Most of the larger generators in the CEB system are connected to the 220kV system.

Some of the most expensive plants which are expected to be used only for peaking are connected to the 132kv system.

Overloading of the 132kV system could result in tripping of sections of the grid, tripping of generators including coal power plants which would lead to blackouts in sections of the grid or cascading failures.

The CEB has called tenders and are building interconnection as demand grew, but Covid and other factors have also delayed some projects.

Due to the complexities technicalities of running a national power grid as well as fears of running afoul of authorities, CEB officials are often at a loss to explain to the public exactly what the problem.

The CEB has also got down in infighting amid the New Fortress Energy deal and an internal Power Crisis Committee which usually meets and takes decisions ahead of time in other years has also not met for many months, sources said.

Most of the problems in Sri Lanka’s power sector stems from not building plants planned in the long term generation expansion plan in time, sometime due to political or other opposition as well as tender benders, critics say.

The current situation had long been predicted by analysts and the CEB as soon as the Trico plant was scuttled and the tender for the dual fuel plant was delayed. Power shortages were predicted from 2018 onwards in the dry season.

However the Covid crisis delayed demand growth.


Sri Lanka consumers warned on impending ‘electric shock’ after coal plant scrapping

Sri Lanka faces power shortage with coal plant delay

The forex and fuel shortages have also been predicted due to increasingly discretionary aggressive monetary policy that intensified after the end of a 30-year war. (Colombo/Feb12/2022)

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Sri Lanka sovereign rating at SD but ISBs downgraded to ‘D’ by S&P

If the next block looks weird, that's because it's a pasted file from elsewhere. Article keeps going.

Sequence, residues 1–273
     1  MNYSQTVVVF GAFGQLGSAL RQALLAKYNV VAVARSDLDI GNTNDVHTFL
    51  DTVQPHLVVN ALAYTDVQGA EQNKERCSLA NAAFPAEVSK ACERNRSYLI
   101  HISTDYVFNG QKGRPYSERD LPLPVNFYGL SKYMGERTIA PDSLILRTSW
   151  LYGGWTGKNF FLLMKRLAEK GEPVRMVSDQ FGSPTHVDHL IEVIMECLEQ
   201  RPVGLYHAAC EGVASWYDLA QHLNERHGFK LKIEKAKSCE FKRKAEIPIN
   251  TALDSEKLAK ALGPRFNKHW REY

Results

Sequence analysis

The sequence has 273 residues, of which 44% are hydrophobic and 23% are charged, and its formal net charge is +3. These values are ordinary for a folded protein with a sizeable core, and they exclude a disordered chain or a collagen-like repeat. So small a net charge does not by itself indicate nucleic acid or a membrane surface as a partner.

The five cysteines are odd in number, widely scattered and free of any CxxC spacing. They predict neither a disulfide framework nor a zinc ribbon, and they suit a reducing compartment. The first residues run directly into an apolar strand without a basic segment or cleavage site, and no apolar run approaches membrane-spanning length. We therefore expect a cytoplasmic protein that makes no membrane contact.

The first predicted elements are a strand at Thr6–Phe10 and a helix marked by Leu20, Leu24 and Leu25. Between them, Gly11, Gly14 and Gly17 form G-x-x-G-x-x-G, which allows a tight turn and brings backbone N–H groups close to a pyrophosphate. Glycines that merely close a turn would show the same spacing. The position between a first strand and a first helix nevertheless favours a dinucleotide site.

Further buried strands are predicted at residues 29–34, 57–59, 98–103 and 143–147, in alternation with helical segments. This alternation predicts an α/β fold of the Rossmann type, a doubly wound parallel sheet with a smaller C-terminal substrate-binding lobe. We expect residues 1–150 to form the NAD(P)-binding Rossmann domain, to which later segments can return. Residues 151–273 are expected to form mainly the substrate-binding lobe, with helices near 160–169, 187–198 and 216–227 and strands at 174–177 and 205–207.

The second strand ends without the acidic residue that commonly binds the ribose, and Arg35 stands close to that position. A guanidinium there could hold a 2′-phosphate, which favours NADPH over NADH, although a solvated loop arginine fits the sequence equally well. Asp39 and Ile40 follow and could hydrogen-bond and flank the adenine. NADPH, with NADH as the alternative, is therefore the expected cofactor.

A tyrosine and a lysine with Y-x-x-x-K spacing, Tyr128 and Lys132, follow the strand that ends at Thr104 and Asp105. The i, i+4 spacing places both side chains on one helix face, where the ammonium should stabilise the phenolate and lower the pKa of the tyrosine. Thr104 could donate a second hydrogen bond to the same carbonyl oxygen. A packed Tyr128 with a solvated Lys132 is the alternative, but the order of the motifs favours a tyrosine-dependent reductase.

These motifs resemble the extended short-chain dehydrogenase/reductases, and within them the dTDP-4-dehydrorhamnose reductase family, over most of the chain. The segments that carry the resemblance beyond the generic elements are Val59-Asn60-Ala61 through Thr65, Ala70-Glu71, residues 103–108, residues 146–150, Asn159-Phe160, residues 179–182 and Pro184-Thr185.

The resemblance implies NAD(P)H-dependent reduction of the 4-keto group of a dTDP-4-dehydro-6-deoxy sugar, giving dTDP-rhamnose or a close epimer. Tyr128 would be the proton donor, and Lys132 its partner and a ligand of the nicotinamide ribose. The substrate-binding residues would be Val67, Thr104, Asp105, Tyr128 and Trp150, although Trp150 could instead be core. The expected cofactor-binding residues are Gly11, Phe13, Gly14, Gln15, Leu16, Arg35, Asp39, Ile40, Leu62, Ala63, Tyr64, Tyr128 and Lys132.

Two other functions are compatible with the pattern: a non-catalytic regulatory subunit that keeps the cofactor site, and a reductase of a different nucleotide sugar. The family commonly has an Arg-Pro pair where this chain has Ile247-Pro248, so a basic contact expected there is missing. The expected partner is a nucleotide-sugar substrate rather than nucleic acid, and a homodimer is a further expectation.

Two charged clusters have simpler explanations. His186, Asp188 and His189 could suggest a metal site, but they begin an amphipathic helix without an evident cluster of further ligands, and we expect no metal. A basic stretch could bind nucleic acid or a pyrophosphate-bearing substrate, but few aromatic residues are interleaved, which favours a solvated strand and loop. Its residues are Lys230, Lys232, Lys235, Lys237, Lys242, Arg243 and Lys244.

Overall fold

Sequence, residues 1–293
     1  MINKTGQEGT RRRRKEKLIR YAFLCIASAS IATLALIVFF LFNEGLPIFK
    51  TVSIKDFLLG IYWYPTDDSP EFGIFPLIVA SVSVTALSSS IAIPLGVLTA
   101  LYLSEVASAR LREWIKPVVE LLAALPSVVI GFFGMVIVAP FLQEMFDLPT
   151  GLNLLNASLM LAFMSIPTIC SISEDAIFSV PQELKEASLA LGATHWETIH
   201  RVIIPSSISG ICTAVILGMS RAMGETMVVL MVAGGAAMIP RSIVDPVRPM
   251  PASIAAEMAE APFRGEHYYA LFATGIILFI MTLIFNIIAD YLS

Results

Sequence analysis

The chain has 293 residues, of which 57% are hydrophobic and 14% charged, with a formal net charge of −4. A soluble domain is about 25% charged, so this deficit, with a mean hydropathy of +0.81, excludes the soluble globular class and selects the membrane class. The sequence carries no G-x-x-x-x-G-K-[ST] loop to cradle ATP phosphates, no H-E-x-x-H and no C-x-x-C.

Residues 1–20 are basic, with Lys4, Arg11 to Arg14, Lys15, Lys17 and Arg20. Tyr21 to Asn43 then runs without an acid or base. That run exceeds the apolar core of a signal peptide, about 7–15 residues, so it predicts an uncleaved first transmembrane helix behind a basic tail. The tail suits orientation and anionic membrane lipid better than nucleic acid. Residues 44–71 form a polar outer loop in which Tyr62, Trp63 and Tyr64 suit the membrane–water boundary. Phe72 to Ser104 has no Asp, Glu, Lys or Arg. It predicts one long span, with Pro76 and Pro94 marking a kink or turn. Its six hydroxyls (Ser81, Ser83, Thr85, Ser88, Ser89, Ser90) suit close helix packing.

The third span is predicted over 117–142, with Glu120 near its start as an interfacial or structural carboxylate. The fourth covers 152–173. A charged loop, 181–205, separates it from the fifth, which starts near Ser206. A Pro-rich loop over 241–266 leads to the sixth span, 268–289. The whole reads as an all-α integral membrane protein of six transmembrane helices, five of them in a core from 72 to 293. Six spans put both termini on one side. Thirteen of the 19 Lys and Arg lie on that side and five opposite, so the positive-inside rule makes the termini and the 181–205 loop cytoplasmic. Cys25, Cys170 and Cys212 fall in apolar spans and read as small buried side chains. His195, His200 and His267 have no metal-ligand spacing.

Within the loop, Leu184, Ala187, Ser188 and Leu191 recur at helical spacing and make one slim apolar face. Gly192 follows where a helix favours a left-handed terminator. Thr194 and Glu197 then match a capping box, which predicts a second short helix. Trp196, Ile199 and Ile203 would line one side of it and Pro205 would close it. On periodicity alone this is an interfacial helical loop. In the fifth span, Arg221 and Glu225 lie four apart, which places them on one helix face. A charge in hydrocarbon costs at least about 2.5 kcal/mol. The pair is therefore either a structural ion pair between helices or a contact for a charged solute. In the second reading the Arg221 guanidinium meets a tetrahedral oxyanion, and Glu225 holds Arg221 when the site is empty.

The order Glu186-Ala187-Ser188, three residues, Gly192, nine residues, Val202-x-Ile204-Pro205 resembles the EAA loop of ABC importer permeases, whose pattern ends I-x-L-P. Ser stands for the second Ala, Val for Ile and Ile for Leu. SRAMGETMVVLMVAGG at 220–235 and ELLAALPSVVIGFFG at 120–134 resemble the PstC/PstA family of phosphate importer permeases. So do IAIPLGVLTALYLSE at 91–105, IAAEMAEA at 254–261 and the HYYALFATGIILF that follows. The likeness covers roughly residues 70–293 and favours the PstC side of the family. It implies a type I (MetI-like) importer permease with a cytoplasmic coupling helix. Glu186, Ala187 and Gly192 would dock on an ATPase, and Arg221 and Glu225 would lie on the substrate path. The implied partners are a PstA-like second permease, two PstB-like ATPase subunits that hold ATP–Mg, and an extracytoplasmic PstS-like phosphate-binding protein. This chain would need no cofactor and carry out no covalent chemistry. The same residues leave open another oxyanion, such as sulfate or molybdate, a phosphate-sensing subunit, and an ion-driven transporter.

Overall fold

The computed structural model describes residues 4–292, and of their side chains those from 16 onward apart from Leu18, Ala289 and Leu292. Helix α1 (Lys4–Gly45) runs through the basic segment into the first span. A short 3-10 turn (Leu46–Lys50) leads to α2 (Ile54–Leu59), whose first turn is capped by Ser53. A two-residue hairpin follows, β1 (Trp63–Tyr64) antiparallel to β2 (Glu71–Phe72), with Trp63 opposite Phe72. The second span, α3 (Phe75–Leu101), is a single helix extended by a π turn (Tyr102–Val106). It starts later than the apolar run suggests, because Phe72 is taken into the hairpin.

ECONOMYNEXT – Sri Lanka’s sovereign rating remains at Selective Default (SD), but the country’s sovereign bonds were downgraded to ‘D’ after missed interest payments, Standard and Poor’s, a rating agency said.

“The Sri Lanka government remains in default on some foreign currency obligations, including international sovereign bonds (ISBs),” the S&P said.

“We do not expect the government to make the payments within 30 calendar days after their due dates.

“We lowered the ratings on the affected bonds to ‘D’, following missed interest payments due on June 3, June 28, and July 18, and a missed principal payment due July 25.”

Sri Lanka is still paying senior creditors with money coming from deferred payments from the Asian Clearing Union.

Sri Lanka started to borrow heavily in foreign bond markets from 2015 after battering its currency peg with extraordinary liquidity injections under ‘flexible inflation targeting and the country lost the ability to roll-over maturing rupee bonds at gross financing level.

From 2015 to 2019, the country had monetary stability only in 2017 and 2019 as the pegged exchange rate regime was shattered with liquidity injections to target an ‘output gap’.

However the targeting the output gap led to currency crises (balance of payment deficit) and growth fell as stabilization measures were slammed.

From 2020 to 2022 even more aggressive liquidity injections were made and taxes were also cut saying there was a ‘persistent output gap’ until all foreign reserves including borrowed reserves were lost and the the country defaulted in peacetime.

The International Monetary Fund gave technical assistance to Sri Lanka to calculate the output gap and also endorsed ‘flexible inflation targeting’, with overnight repo injections, term repo injections, outright purchase of bond, despite having a reserve collecting peg.

On April 12, 2022 Sri Lanka defaulted despite being at peace.

The full statement is reproduced below:

Sri Lanka Bonds Downgraded To ‘D’ After Missed Payments; Sovereign Ratings Affirmed


The Sri Lanka government remains in default on some foreign currency obligations, including international sovereign bonds (ISBs).